The product, Striant is a gel specifically designed for application to the gums. The FDA regulates this as a controlled substance, however.
Low Testosterone—Conservative Treatment
Urologists and other health practitioners have differing opinions about what constitutes low testosterone levels in males, and when hormone replacement therapy should be explored. Some take a more conservative approach and consider the following:
- A reading of below 200 ng/dL for men over 65, whereby three early morning tests reflect these subnormal numbers.
- While men with low testosterone levels, (200–300 ng/dL) may, in fact benefit from testosterone replacement therapy, some physicians may chose to treat only men with very low testosterone levels.
- Urologists and health practitioners should monitor testosterone levels carefully since testosterone deficiency symptoms are very general. These include, diminished muscle mass, fatigue, depressed mood, and low libido. By measuring testosterone levels physicians can tell whether hormone replacement treatment is working.
- Optimal testosterone levels for men over 65 should be 300–450 ng/dL, which is the mid range for that age range of males.
- Doctors vigilantly monitor diseases and conditions that are dependent on testosterone such as, prostate cancer and prostate enlargement. Medical conditions such as, sleep apnea, breast tenderness, and elevated red blood cell counts should also be followed.
Alternate Approach—Same Destination?
Some physicians take a broader approach to hormone replacement therapy for males.
- Many urologists place the cutoff at 400 ng/dL for low testosterone, rather than 200 ng/dL.
- Some urologists allow the symptoms to guide them on whether or not to treat patients for low testosterone therapy. They use hormone levels as additional backup information instead.
- Some physicians emphasize more natural regimens such as, regular exercise, to keep cardiovascular systems in shape, help keep bones strong, build muscle mass, and keep off fat.
Q & A
Question: Do aging men go through “manopause” similar to what women have with menopause?
Fewer spontaneous erections, more naps, and a belly that’s threatening to hang over the belt line…Yes, men experience physical and psychological changes in midlife that can in some ways mirror the menopause that women go through.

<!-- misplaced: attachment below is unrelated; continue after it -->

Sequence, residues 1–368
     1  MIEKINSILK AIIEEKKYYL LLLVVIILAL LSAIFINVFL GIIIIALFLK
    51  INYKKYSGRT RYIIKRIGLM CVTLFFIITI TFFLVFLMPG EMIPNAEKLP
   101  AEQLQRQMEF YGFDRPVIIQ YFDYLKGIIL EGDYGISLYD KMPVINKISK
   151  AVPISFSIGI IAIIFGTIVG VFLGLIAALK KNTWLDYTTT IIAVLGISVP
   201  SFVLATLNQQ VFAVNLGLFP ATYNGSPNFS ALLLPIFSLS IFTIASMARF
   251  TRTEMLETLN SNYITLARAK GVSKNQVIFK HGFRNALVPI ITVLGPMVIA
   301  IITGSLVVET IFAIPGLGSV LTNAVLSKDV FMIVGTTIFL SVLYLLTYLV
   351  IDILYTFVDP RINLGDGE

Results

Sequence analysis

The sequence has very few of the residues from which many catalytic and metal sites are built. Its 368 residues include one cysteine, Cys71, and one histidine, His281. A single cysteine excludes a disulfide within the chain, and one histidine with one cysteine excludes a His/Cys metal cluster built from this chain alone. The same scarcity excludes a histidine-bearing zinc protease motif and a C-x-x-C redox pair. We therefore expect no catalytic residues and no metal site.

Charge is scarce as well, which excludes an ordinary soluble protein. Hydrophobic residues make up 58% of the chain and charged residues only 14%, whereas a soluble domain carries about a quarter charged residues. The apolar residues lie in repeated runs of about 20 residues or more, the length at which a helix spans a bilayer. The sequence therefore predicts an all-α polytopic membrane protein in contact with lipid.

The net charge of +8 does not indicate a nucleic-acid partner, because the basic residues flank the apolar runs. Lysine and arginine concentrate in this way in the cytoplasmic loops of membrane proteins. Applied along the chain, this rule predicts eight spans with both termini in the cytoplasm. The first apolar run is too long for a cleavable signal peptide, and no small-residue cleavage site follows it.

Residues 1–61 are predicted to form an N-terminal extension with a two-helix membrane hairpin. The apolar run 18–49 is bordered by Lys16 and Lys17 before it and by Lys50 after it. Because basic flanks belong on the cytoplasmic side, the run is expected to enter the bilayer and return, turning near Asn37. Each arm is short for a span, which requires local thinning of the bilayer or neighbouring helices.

The proper term, “andropause”, from the Greek word andro (male) and pausis (stop) involves the gradual process of slowing down as hormone levels diminish or change in noticeable ways by middle age.
Testosterone and DHEA
As hormones (known as androgens) necessary for strength, vitality, health and well being taper off, a subtle, downward shift in energy level and virility is felt.
Testosterone: Considered the most potent of all androgens and the foundation for male characteristics, testosterone is created in the testes and responsible for facial hair, the deepening of the voice, muscle mass and bone density, sexual function, stamina and competitive drive in males.
DHEA: (dehydroepiandrosterone) produced in the adrenal glands builds protein and helps with immune function in the body. It is also considered a precursor to other hormones like testosterone and estrogen, meaning that it can be converted to these hormones if levels in the blood are insufficient. The hormones cortisol and DHEA balance each other to maintain the immune system as well.
There are several reasons that the natural aging process may cause the overproduction or reduction of certain hormones in the male body. One of the important reasons involves the enzyme, aromatase. This essentially converts testosterone to estrogen in the male body, causing free testosterone levels to decline, as estrogen rises.
Other factors include:
- Increase in belly fat (which increases aromatase activity)
- Damage to tissues that are responsible for testosterone production
- Reduction in the synthesis of testicular testosterone
- Lower levels of precursors, such as DHEA
- Changes in liver function and status of nutrition
Some men explore hormone replacement therapy in response to difficult symptoms that negatively impact their life.